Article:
That said, the obvious question is, if the people working on the dedicated DLC team had been part of the main team, wouldn't they have had the resources to include more content in the released game? In that way, it still seems like they're "cheating" customers out of content. On the other hand, while it started out controversial, DLC in general is very accepted these days, and it seems arbitrary to react differently to it simply because it's released on launch day. Should they have simply let the DLC lie on a HDD somewhere for a few weeks?

    BTW, the developer (Derek French, I think) implied they founded the dedicated DLC team after very positive experiences with NWN, which let them support the game for another couple of years, and which was very well received from the community IIRC.

  • Re:Well, (Score:5, Insightful)

    by hairyfeet (841228) <bassbeast1968&gmail,com> on Thursday October 08, 2009 @07:15AM (#29679127) Journal

    The problem with the whole "DLC" concept is the second I heard this term used I figured it would translate into "big game corp says pay full price for a piece of a game, and THEN pay us more monies for the rest!". Why? Because we PC games have had "DLC" for years in the form of mods, only nobody came up with marketspeak to try to push them, that's why.

    When you look at the way the games have been going- "multiplatform" being a code word for shitty x360/PS3 port, more and more "DLC" that smells like stuff that should have been in the "real" game in the first place but was ripped out to make the extra monies, blaming piracy for everything when your DRM sucks ass and many of the games have no gameplay or are about as fun as a trip to the DMV, games the any beta tester could tell you are gonna suck but loaded to the brim with "Graphics 2.0" and "Ultraphysics" and other bling that gives you the sinking suspicion that is was designed with some Dilbert PHB checklist, it all comes down to one thing- corporate greed.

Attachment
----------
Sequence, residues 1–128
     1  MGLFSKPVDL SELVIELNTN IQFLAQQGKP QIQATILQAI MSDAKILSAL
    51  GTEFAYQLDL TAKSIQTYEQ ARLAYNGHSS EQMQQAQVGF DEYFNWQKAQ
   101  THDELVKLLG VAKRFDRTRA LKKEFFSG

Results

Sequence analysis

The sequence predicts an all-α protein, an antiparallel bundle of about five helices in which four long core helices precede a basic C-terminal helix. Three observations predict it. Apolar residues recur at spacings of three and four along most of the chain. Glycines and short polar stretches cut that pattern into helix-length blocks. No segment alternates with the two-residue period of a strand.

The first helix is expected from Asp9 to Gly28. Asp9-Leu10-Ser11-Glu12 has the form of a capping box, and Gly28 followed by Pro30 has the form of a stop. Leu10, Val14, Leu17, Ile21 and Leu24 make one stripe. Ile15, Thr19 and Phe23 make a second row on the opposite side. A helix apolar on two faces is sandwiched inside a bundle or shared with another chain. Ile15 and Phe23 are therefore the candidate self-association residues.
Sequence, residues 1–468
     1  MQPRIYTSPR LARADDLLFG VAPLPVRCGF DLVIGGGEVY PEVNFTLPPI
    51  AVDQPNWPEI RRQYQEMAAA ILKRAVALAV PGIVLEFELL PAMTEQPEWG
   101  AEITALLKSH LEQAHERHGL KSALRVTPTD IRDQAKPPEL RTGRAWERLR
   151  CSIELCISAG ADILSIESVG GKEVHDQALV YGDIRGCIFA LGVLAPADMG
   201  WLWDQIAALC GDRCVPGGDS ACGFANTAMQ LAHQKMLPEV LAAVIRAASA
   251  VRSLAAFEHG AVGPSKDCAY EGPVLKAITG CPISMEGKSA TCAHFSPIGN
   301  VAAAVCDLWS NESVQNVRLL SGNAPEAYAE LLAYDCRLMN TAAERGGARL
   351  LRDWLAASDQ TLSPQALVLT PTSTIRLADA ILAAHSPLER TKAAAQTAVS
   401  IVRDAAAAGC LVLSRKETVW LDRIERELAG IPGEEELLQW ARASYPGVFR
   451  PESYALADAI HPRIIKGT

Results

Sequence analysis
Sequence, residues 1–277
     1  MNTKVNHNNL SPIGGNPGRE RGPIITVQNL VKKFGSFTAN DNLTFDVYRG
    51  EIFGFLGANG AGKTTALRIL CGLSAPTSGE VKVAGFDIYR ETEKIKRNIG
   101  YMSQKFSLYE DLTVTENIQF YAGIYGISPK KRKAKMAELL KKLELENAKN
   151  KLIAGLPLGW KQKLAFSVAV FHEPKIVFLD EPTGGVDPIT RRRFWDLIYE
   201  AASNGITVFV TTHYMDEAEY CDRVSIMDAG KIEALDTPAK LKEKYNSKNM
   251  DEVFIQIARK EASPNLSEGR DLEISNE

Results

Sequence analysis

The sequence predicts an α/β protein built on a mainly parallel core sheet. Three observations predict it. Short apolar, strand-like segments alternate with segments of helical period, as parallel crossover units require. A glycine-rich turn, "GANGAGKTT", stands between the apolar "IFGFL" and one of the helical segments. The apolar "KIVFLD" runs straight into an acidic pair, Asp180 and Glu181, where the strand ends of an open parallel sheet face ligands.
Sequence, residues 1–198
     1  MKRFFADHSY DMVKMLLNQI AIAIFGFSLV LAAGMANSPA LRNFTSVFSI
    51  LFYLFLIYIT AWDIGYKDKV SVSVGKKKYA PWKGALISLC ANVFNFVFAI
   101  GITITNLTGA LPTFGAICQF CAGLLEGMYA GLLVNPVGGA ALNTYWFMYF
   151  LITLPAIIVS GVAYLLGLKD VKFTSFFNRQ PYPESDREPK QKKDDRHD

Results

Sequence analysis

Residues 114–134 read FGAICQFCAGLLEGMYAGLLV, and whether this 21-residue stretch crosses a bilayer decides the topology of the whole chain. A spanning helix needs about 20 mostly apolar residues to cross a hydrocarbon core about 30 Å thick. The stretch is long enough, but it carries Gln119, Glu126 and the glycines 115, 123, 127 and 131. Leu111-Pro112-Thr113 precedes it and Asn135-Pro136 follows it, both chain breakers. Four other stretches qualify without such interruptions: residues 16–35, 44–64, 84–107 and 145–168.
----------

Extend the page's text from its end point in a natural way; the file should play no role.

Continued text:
Real games take time and love. And with the exception of a few genres where the hardcore will buy every year (Hi Madden!) you can't just repackage the same bullshit with another notch or two added to the features PPT. And with a dead economy I think we can all agree that the $59+ they have been charging for new releases is pretty much a mugging, which is why so many of the corporate drones are trying to find a way to kill first sale and places like Gamestop. So it appears the next idea to "maximize our profit potential" is a death of a thousand cuts upon the consumer. "Why give him the whole game" they say, "when we can just give him a piece of it at full price, and the gouge him out of more money for the rest of the game? Hell we can make $100-$200 a game!"